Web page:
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Aaron Nagler took to Facebook Live to talk the latest on Packers and answer your questions. Aaron Nagler | USA TODAY NETWORK-Wisconsin

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GREEN BAY - If you’re Eliot Wolf or Brian Gutekunst or any of the other Green Bay Packers general manager candidates not named Russ Ball, you probably feel like the game is rigged.

There is a preponderance of opinion inside and outside the organization that president Mark Murphy is going through the motions to replace Ted Thompson and that a decision was made months ago between Murphy and Thompson that Ball would be the next general manager.

Murphy’s news conference Tuesday made it clear that personnel evaluation experience is not a prerequisite for the job and that he would be willing to consider candidates with administrative backgrounds such as Ball.

The most telling part of the 30 minutes Murphy spent with the media was the absence of any reference to the draft and free agency. Other than him saying he would not require the new hire to spend in free agency, he never talked about the No. 1 priority being an ability to improve the 53-man roster through the draft.

When former president Bob Harlan decided the authority Tom Braatz and Lindy Infante shared in personnel was hindering the organization, he decided to hire a general manager to oversee the entire football operation. His No. 1 requirement was finding someone who knew how to evaluate talent and could build through the draft.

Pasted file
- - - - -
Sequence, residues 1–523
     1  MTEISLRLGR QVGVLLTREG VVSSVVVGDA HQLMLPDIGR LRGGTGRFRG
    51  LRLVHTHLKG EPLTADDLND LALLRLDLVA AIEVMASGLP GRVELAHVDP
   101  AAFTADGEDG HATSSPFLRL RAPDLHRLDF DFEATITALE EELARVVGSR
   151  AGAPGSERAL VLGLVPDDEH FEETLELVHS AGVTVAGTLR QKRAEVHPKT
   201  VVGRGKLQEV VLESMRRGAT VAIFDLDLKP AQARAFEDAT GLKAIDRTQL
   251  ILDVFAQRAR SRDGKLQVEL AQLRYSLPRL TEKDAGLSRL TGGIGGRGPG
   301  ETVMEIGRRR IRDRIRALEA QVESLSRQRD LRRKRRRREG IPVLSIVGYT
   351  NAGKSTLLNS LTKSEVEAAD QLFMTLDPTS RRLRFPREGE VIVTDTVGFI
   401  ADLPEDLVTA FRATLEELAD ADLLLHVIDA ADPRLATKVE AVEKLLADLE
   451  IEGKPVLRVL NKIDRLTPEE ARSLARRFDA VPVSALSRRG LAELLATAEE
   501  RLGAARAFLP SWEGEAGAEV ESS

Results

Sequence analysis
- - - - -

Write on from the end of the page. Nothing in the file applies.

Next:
He chose one of the most highly regarded scouts in the NFL: Ron Wolf.

When Harlan accepted Wolf’s recommendation that coach Mike Sherman succeed him as general manager while continuing to coach the team, he quickly found out it was a big mistake and in January of 2005, he hired another scout who could correct all the problems in the draft room – Thompson.

RUSS BALL IN-DEPTH (May 2017): Part 1: The man | Part 2: The dealmaker

It’s not that Wolf and Thompson were chosen simply for their personnel evaluation ability, but it was that ability that separated them from other candidates.

Selecting someone without a personnel background doesn’t guarantee failure, but it means potential change year after year. Wolf and Gutekunst can run pro and college scouting for Ball, but should they leave for GM jobs, Ball would be in a far worse position than Thompson was when he lost John Schneider, Reggie McKenzie and John Dorsey.

The difference was Thompson, the best evaluator in the room, was still there to make sure the draft decisions were sound. Ball has been sitting in on draft meetings in recent years, but it’s not the same as going out on the road and scouting players for yourself, something Gutekunst and Wolf have been doing their entire careers.

It doesn’t mean that Ball can’t be successful. Maybe he will be the perfect complement to a strong scouting staff and prove to be a terrific decision maker.

But it doesn’t change the fact that this hiring seems preordained.

First, to think that Murphy and Thompson sat down Jan. 1 and decided that Thompson would step aside and become a senior advisor to football operations all in one meeting, is absurd. If Murphy hadn’t been discussing with Thompson during the season his decision to move on, then why wouldn’t Thompson take a day or two to think about it when it was brought up Monday?